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The Positivist School Of Criminology Essay

1096 words - 4 pages

The positivist school was created in the 1800's and was based on the principle that the only way to truly understand something in society was by looking at it from a scientific point of view (Adler, Mueller, and Laufer 2012). There were many people who contributed to the positivist school, however the person who first placed an emphasis on a scientific approach was Auguste Comte (Adler et al 2012). By approaching criminology in a more scientific way, a lot more progress was made, as people began to consider the reasons for criminal behavior from a different perspective. Another key figure in the positive school was Charles Darwin (Adler et al 2012). When he proposed the theory of evolution it caused society to become more open-minded in regards to their views about the world, as people started to rely more on science (Adler et al 2012). Due to the contributions from Comte and Darwin, the positive school of thought was able to gain traction and in turn was able to help develop the field of criminology.
After Comte and Darwin developed their theories about the world, they were followed by several criminologists who also believed that science could answer many of the problems that were present in society, particularly in the field of criminology. One of these men was Cesare Lombroso, who was the first to actually focus on criminology as a science (Adler et al 2012). Lombroso believed criminals could be identified because of physical differences between them and non-criminal members of society (Adler et al 2012). In order to recognize these people he created what he called the "atavistic stigmata" which are characteristics exhibited by humans who were less developed (Adler et al 2012:66). Individuals who exhibited those characteristics tended to be larger, and have more of a resemblance to animals (Adler et al 2012). Essentially Lombroso believed criminals were not as evolved as the rest of society was and therefore were unable to control themselves.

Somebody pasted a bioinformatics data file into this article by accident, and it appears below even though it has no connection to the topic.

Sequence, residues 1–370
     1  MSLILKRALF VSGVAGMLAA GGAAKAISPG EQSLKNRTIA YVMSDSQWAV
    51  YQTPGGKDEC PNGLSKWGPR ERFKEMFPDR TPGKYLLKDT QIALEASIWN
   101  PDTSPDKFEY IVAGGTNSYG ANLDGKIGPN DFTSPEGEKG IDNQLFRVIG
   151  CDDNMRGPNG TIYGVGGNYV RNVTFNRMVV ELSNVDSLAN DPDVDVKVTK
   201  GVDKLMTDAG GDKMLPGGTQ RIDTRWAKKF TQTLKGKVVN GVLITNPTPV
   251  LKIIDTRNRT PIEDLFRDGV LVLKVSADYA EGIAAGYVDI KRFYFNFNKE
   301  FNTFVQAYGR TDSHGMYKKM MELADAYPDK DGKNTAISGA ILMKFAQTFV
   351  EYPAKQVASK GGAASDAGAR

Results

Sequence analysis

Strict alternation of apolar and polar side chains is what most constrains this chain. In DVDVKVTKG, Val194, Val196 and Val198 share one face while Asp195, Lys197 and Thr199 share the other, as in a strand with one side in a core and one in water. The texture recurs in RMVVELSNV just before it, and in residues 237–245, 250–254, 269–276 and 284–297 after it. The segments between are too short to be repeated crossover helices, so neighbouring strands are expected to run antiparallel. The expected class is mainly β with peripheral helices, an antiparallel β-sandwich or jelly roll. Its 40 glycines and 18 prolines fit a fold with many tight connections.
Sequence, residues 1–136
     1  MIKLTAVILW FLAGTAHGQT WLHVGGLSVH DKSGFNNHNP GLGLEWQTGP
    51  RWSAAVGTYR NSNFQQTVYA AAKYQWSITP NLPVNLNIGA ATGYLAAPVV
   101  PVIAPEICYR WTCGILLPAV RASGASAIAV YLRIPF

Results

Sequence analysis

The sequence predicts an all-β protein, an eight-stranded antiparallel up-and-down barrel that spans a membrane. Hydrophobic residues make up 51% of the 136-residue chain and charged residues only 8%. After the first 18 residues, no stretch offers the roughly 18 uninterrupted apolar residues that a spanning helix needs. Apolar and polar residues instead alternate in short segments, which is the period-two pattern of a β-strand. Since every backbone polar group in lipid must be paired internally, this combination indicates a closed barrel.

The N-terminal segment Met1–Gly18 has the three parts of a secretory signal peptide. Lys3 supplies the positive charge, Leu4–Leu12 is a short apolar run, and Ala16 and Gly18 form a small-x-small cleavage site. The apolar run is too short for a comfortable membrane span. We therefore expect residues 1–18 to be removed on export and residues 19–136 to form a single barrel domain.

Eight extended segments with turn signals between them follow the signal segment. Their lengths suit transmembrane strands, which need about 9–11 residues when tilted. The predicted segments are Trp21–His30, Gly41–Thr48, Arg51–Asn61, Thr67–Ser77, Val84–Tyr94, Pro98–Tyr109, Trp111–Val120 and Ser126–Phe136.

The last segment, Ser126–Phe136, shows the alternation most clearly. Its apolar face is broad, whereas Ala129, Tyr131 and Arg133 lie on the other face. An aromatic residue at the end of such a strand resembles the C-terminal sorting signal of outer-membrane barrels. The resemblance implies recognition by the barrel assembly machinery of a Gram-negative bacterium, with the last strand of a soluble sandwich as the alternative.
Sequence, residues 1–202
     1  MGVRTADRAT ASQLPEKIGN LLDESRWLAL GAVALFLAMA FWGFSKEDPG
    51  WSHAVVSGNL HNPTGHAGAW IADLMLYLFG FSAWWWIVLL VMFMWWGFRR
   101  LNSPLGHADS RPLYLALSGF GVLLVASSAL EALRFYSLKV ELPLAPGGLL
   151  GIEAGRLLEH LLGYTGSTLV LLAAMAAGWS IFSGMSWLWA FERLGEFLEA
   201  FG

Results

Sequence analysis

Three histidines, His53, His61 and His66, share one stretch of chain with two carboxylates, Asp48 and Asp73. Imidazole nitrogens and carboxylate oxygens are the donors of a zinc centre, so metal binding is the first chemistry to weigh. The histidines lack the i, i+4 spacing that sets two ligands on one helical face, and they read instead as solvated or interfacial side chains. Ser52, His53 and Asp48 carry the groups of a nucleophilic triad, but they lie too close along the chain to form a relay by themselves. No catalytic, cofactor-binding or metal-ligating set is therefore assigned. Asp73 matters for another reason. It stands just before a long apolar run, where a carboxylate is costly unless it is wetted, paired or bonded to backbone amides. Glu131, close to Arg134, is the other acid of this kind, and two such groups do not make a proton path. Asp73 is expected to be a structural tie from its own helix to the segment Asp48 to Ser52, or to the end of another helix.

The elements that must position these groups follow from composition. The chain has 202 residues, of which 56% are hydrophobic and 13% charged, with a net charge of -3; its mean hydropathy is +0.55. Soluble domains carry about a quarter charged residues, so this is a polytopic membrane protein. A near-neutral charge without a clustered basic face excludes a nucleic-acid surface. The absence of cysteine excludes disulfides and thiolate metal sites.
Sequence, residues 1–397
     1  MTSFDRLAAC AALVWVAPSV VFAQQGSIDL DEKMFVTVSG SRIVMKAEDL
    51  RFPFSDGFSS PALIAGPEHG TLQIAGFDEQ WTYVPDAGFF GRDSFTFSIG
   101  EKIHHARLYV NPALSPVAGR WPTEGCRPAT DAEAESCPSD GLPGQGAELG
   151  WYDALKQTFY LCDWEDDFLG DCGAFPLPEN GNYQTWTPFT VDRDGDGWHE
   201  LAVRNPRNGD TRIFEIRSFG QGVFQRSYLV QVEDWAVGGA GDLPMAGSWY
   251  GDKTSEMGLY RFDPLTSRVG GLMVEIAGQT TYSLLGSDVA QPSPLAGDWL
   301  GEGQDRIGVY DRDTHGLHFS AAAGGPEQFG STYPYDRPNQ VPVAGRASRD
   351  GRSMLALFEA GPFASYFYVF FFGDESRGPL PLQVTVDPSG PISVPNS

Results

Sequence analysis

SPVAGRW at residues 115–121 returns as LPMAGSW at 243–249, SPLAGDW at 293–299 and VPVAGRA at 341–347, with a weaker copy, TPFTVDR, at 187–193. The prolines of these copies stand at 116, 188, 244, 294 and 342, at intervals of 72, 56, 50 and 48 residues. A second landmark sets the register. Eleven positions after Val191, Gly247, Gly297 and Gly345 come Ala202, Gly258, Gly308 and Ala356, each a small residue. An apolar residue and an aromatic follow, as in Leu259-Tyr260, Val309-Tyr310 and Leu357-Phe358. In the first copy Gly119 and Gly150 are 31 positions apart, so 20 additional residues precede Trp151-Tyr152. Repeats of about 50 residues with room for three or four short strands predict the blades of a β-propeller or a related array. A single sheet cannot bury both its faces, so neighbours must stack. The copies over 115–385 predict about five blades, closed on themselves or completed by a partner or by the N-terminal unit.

Along with Cesare Lombroso, Enrico Ferri also believed that a scientific approach was the best way to look at criminal behavior. However Ferri placed less emphasis on the physical characteristics exhibited by criminals and focused more on the mental aspect of criminals. Ferri believed criminals did not make a conscious choice to become criminals, "but rather were driven to commit them (crimes) by conditions in their lives" (Adler et al 2012:67). Since criminals did not choose to be the way they were, Ferri felt it was unfair to hold them "morally responsible" for their actions (Adler et al 2012:67). He believed crime could be significantly reduced by focusing on preventing crime by using scientific methods (Adler et al 2012). While he might have gotten some of his ideas from Lombroso, Enrico Ferri was less interested in why criminals acted the way they did, or what made them different from the rest of society, and focused more on how to help make society safer for...

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